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The tech department at Ignacio School District uses several tools to monitor student online behavior. At Ignacio (CO) School District, the three-person technology staff relies on technology to help keep its 800 students safe. Every day, there can be up to 1,000 devices on the network—thanks to a 1:1 program for grades 3 through 12, a computer lab for grades K through 2, and BYOD. “We allow our high school students to bring their cell phones to class,” says Technology Director Brian Crane. “It’s a way to teach them responsibility.”

One of the ways Crane is trying to protect students is by setting up Gmail filters for certain keywords. If those keywords get used, the technology department is automatically notified and forwards the email to the school principal, counselor, or other appropriate authority. “It creates an awareness for the students, knowing that we can see their emails. I think doing this has helped prevent potential issues.”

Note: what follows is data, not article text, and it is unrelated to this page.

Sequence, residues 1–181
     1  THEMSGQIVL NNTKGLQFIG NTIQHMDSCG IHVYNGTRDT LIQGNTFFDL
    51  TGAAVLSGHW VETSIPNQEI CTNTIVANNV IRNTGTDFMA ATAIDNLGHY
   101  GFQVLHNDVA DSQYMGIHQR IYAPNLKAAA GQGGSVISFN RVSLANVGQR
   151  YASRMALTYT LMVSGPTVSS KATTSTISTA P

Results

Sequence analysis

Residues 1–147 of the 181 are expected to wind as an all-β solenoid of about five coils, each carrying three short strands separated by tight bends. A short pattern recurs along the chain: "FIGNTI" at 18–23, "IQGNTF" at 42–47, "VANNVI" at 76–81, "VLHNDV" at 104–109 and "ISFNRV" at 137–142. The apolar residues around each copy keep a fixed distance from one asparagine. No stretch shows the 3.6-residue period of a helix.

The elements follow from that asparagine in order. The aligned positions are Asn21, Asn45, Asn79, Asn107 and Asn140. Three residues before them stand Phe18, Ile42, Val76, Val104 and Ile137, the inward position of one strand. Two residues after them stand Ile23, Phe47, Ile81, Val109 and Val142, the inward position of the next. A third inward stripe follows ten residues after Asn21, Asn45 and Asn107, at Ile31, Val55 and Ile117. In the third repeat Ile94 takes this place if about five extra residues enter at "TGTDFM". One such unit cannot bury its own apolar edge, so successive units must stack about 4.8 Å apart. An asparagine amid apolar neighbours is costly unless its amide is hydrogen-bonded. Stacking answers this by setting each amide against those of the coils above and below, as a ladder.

Another step the district has taken is to use Impero for remote management and monitoring of student computers. It helps keep students on task and lets the teacher make sure students are working on the assignment and not checking Instagram. Crane says it’s been very valuable and that he no longer has to leave his office to do repairs, since he can see what’s happening from his computer. He also uses it to spot check. “A trigger will tell me that a student is searching for suicide, and I can pop on and see if they are doing school work, research, or calling out for help.”